Designing Gold Project Flowsheets

By Dmitry Yermakov

It has been said that gold was one of the first metals to be mined. As deposits with free, coarse gold were depleted and the volume of mining increased, process flowsheet design became more and more complicated. Gravity was the first method developed to recover gold from ore. But, currently there are very few deposits left that contain ores suitable for gold recovery strictly by this method. Cyanide leaching now recovers the greatest amount of gold and contributes to a variety of flowsheets from heap leaching to agitated leaching circuits. Newly discovered deposits are often more refractory and resist these methods. Ores in which gold is locked with sulfides are processed by combining flotation with other methods.  

To recover gold from sulfide concentrates, roasting or oxidation can be performed first, followed by cyanide leaching. Direct cyanidation of flotation concentrate can often encounter problems. Numerous methods are available for oxidizing flotation concentrates, including biological oxidation, pressure oxidation in autoclaves, roasting, as well as proprietary processes, such as Albion and Leachox. All of these processes bring higher capital and operating costs while each has benefits, disadvantages and limitations. There is no method that can be applied for all types of feed (ore or concentrate). The optimal process flowsheet is selected after analysing the results of a detailed testwork program which evaluates the relative merits of each method.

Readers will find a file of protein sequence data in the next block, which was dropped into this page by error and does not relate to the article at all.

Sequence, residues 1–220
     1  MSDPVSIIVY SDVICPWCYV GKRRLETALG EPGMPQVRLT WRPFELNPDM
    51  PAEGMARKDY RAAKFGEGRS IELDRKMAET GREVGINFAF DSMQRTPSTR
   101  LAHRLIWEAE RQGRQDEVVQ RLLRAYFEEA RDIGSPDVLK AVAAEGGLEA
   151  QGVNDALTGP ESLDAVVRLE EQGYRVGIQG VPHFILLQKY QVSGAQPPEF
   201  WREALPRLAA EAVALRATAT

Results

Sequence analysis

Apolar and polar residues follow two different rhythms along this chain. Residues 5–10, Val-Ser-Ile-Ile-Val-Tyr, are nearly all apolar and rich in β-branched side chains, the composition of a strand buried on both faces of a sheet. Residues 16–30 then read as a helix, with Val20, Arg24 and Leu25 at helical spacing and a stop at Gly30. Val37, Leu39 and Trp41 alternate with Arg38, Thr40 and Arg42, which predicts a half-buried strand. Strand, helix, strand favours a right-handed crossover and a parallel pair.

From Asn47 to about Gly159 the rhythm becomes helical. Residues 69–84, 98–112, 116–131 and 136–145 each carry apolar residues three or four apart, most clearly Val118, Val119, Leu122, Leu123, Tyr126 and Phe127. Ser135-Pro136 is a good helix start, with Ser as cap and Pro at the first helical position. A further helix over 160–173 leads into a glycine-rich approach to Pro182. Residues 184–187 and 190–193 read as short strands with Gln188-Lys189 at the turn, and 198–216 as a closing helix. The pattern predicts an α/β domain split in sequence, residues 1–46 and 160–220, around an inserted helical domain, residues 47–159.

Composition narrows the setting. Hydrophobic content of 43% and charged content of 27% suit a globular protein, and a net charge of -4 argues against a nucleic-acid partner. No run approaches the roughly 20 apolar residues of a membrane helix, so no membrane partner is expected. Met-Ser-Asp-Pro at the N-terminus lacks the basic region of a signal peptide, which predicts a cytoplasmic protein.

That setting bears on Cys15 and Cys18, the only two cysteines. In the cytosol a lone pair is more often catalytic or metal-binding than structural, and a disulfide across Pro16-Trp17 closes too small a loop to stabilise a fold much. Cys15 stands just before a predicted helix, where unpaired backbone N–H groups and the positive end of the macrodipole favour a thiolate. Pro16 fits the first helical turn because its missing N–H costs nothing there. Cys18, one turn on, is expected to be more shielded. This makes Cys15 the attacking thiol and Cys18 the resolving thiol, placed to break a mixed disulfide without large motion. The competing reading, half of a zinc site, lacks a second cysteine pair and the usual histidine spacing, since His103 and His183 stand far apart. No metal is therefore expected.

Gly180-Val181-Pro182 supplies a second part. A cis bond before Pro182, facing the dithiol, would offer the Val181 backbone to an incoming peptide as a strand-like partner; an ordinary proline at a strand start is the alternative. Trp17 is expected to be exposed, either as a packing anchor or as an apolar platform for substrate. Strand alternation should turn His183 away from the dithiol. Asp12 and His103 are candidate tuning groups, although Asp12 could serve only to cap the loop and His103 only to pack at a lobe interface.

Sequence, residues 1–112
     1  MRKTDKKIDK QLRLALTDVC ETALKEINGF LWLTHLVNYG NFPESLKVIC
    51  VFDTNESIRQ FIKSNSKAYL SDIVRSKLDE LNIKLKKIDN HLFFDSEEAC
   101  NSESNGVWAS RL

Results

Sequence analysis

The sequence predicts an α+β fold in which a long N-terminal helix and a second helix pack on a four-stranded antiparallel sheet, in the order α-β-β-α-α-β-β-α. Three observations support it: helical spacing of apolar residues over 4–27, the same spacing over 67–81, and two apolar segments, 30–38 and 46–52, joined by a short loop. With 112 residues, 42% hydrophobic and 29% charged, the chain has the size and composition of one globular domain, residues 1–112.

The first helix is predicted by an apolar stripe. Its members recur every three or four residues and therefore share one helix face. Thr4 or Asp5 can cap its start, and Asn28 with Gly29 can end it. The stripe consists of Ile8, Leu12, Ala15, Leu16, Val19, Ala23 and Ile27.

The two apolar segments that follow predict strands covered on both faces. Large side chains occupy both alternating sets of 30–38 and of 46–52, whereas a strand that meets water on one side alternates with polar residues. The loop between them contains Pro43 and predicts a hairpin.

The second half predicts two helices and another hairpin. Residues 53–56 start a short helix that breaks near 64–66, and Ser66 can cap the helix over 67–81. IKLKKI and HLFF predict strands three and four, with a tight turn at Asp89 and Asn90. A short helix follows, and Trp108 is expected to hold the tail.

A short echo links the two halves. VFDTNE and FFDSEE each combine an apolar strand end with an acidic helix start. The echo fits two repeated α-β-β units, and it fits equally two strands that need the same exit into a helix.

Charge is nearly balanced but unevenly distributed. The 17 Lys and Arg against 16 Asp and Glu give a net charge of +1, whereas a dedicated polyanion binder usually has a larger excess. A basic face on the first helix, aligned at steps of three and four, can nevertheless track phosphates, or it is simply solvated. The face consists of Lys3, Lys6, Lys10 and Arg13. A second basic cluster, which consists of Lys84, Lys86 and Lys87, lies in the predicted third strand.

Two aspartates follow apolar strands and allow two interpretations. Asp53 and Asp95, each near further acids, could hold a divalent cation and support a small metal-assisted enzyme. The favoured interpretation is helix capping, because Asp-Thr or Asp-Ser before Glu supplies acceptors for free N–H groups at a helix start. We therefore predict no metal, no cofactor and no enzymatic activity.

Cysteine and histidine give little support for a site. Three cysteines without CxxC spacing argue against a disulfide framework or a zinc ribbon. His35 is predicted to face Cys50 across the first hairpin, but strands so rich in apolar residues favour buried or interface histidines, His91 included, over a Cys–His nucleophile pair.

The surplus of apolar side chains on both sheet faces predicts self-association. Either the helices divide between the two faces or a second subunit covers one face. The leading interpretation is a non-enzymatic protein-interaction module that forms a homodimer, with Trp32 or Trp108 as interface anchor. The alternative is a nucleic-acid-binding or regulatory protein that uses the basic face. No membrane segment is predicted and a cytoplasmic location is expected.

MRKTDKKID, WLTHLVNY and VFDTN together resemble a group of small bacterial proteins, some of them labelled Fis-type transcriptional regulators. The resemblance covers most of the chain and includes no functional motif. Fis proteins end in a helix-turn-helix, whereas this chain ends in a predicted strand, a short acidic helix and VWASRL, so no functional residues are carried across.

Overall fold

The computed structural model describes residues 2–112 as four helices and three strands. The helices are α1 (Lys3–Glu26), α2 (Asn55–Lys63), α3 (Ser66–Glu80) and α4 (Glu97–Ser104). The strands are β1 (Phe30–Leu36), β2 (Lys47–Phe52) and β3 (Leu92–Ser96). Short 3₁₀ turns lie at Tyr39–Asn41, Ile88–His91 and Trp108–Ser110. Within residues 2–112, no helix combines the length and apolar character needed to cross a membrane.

Another factor that contributes to the complexity of processing gold ores is the presence of adsorption-active substances that trap dissolved gold and carry it with the tailings, i.e. ‘preg-robbing’. This is one of the most challenging type of ore. To avoid these traps, the flowsheet designers use methods for separating adsorption-active substances from ore as early in the process as possible.

The collection of samples for metallurgical testwork is also an important procedure. The samples must reflect the full range of characteristics expected throughout the deposit. The geologist, mining engineer and metallurgist need to collaborate to ensure an adequate number of samples are collected for testing. An error at this stage in the project can be very costly if the plant does not meet design criteria during the early, payback period of the mine life. Designing and selecting the optimal process flowsheet is the result of a well-planned testwork program, some creativity and the knowledge a metallurgist has gained from practical experience on similar projects.